STYLES make fights — or so goes the boxing cliché. In 2008, they make presidential campaigns, too.This is especially true for the two remaining Democrats, Hillary Clinton and Barack Obama. Reporters covering the candidates have already resorted to traditional analysis of style — fashion choices, manner of speaking, even the way they laugh. Yet, according to design experts, the candidates have left a clear blueprint of their personal style — perhaps even a window into their souls — through the Web sites they have created to raise money, recruit volunteers and generally meet-and-greet online.
That is, Mr. Obama’s site is more harmonious, with plenty of white space and a soft blue palette. Its task bar is reminiscent of the one used at Apple’s iTunes site. It signals in myriad ways that it was designed with a younger, more tech-savvy audience in mind — using branding techniques similar to the ones that have made the iPod so popular.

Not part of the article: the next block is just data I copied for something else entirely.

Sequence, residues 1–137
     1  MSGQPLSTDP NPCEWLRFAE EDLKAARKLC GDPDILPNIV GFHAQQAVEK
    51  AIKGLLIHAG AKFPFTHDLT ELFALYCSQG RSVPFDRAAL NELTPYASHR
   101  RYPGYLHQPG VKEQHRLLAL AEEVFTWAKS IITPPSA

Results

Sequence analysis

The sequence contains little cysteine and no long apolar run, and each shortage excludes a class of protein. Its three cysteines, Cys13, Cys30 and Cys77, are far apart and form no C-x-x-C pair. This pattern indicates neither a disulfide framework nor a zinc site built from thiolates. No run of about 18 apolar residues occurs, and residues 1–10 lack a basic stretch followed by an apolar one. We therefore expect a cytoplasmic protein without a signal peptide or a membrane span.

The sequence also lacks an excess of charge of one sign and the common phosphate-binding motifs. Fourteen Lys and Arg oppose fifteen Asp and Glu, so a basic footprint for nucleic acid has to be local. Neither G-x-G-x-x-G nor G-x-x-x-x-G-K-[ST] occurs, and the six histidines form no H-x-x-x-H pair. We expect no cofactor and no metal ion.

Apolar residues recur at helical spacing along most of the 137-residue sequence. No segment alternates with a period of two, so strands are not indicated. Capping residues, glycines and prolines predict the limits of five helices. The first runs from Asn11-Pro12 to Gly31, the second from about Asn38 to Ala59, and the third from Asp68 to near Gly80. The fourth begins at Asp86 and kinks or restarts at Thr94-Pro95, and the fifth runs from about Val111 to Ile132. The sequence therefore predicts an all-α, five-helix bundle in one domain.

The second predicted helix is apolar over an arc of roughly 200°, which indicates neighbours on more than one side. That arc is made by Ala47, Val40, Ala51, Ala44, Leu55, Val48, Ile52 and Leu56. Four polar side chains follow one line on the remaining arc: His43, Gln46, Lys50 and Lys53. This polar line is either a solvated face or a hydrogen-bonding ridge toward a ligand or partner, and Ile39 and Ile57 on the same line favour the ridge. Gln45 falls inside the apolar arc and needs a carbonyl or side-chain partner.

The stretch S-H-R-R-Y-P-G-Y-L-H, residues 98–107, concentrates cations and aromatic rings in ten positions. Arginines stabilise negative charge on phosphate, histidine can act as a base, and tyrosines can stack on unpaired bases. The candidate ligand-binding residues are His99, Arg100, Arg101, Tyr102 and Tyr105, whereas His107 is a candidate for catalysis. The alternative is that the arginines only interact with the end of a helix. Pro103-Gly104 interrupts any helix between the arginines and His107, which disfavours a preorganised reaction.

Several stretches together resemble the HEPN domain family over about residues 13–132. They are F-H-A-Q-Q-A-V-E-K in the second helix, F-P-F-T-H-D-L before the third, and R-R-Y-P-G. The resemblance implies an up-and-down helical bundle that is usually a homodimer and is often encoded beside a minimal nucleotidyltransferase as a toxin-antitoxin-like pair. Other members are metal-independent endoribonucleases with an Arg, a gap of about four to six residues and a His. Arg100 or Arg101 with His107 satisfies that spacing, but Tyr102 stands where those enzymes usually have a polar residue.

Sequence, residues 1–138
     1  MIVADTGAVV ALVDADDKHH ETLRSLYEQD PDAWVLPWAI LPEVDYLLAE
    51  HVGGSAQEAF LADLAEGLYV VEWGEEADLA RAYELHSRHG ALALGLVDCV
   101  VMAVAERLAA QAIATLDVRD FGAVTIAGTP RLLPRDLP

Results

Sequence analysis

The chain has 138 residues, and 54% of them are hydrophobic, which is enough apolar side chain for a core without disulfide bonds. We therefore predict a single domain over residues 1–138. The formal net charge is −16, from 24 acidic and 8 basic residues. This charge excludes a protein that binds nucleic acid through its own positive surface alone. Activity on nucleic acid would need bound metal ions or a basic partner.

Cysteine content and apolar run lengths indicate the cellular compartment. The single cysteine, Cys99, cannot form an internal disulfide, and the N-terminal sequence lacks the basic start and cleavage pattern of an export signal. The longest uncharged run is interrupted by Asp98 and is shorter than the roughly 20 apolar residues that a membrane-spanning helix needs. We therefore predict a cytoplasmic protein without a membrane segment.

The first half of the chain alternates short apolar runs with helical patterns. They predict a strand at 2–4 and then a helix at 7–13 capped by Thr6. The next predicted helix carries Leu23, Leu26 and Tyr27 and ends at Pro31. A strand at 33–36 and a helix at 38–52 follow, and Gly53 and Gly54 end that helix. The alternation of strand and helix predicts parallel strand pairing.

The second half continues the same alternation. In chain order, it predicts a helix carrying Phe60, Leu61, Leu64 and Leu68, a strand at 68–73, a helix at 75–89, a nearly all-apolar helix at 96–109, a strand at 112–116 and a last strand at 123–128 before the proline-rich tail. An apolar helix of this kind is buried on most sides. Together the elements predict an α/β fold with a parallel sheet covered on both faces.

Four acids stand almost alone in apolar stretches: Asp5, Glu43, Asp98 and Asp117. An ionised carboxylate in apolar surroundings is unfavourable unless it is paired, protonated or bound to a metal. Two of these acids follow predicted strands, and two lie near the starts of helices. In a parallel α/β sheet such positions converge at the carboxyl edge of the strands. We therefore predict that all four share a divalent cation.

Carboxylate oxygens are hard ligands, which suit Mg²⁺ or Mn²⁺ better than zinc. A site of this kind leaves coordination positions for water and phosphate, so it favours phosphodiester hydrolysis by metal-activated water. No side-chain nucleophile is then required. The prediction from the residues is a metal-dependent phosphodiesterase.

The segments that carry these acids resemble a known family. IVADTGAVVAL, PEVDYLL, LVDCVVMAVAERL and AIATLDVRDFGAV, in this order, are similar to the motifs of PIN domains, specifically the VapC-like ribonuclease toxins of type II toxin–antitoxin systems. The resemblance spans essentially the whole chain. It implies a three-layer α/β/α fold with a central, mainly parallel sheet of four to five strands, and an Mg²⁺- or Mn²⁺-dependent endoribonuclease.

“With Obama’s site, all the features and elements are seamlessly integrated, just like the experience of using a program on a Macintosh computer,” said Alice Twemlow, chairwoman of the M.F.A. program in design criticism at the School of Visual Arts (who is a Mac user).
In contrast to barackobama.com, Mrs. Clinton’s site uses a more traditional color scheme of dark blue, has sharper lines dividing content and employs cookie-cutter icons next to its buttons for volunteering, and the like.
“Hillary’s is way more hectic, it’s got all these, what look like parody ads,” said Ms. Twemlow, who is not a citizen and cannot vote in the election.
Jason Santa Maria, creative director of Happy Cog Studios, which designs Web sites, detected a basic breach of netiquette. “Hillary’s text is all caps, like shouting,” he said. There are “many messages vying for attention,” he said, adding, “Candidates are building a brand and it should be consistent.”
In the long run, however, we believe that it is the ability to motivate the electorate that matters, not simple matters of style. And he’s a Mac user from way back.